Japanese Health Care Essay

1886 Words8 Pages
Many countries have its own form of healthcare system that citizens can use in times of injury. Of these countries, Japan’s and America’s healthcare system will be discussed in this paper. In America, people who get injured and visit a hospital to receive treatment are obligated to pay money to cover fees. In Japan, many people are given free healthcare and only have to pay a small sum of money for basic healthcare. While the Japanese and American health care systems may seem similar in some regards, in actuality, the two countries’ health care systems in different in many regards. Firstly, the health care systems of both countries differ in terms of population and health status. In Japan, the total population in 2008 amounted to…show more content…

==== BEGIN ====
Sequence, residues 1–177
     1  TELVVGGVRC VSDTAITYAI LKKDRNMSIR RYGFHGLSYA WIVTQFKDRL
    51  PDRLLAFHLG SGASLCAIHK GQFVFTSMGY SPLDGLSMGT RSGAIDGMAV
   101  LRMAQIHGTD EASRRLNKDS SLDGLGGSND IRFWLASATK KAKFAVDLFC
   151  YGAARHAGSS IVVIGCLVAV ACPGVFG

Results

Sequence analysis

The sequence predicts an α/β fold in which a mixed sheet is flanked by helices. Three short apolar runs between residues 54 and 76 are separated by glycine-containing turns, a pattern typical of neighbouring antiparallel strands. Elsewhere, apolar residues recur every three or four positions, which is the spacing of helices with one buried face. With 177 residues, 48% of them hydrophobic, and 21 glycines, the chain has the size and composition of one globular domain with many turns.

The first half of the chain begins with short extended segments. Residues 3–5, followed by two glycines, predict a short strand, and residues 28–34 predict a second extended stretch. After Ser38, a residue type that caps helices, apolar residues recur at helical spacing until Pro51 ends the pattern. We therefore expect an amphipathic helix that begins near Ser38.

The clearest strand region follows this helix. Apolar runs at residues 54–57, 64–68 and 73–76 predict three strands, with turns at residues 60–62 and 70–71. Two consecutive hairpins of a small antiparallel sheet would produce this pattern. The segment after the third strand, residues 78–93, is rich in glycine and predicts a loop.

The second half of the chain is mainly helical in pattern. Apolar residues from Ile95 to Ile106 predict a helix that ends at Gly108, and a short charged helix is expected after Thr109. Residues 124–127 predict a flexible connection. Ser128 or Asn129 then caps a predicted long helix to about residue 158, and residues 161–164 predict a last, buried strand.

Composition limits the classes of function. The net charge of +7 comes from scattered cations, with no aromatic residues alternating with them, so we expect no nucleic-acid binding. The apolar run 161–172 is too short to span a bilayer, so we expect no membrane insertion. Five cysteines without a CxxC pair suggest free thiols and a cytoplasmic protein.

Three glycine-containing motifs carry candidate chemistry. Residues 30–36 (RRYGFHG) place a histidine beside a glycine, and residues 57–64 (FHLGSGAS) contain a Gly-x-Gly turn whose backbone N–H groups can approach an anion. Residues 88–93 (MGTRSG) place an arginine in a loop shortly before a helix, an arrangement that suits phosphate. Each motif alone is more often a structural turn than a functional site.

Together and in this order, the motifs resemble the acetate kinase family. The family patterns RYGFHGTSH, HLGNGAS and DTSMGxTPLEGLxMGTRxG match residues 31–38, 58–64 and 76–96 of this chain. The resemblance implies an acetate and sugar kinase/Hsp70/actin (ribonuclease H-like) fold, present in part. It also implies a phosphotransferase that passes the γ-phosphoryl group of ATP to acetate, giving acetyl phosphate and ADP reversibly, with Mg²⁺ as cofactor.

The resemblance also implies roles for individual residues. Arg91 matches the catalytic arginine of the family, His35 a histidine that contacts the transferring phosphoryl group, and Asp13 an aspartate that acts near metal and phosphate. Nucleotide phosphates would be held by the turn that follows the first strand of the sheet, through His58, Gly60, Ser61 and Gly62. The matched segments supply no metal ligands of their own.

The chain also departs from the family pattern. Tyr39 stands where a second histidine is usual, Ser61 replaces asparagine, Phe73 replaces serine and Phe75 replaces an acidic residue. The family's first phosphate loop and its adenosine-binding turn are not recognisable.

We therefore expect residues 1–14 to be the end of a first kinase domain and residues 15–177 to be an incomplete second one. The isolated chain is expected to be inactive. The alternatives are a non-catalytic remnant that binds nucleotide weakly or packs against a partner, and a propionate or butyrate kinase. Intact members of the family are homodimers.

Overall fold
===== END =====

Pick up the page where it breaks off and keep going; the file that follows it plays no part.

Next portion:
It is for this reason that many countries across the world perceive Americans as very obese people. Secondly, these two countries’ health care systems can be differentiated by rates in adult mortality, infant mortality, and causes of death. The rate of infant mortality has decreased due in large part to improved healthcare places and living conditions. These services can be attributed to economic growth. In Japan, the infant mortality rate has fallen to a rate of 3.6, making said country to have the one of the world’s lowest infant mortality (Saigusa). The Japanese have such a low birth rate because mothers are taught how to care for themselves when they are pregnant. With health care being readily available to the public, Japanese mothers can visit their local doctors to discover any medical complications that may arise during the early phases of pregnancy. In the United States, on the contrary, the infant mortality rate is extraordinarily higher than of the Japanese. According to Robert Wood Johnson Foundation’s article "America's Health Starts with Healthy Children: How Do States Compare?” the report found that the high infant death rate is correlated with the lack of education of the mother (3). Another contributing factor to the high mortality among infants is the lack of access to healthcare. Approximately 45 million (about 15 percent of the entire population) Americans do not have any form of insurance (O'Connor).
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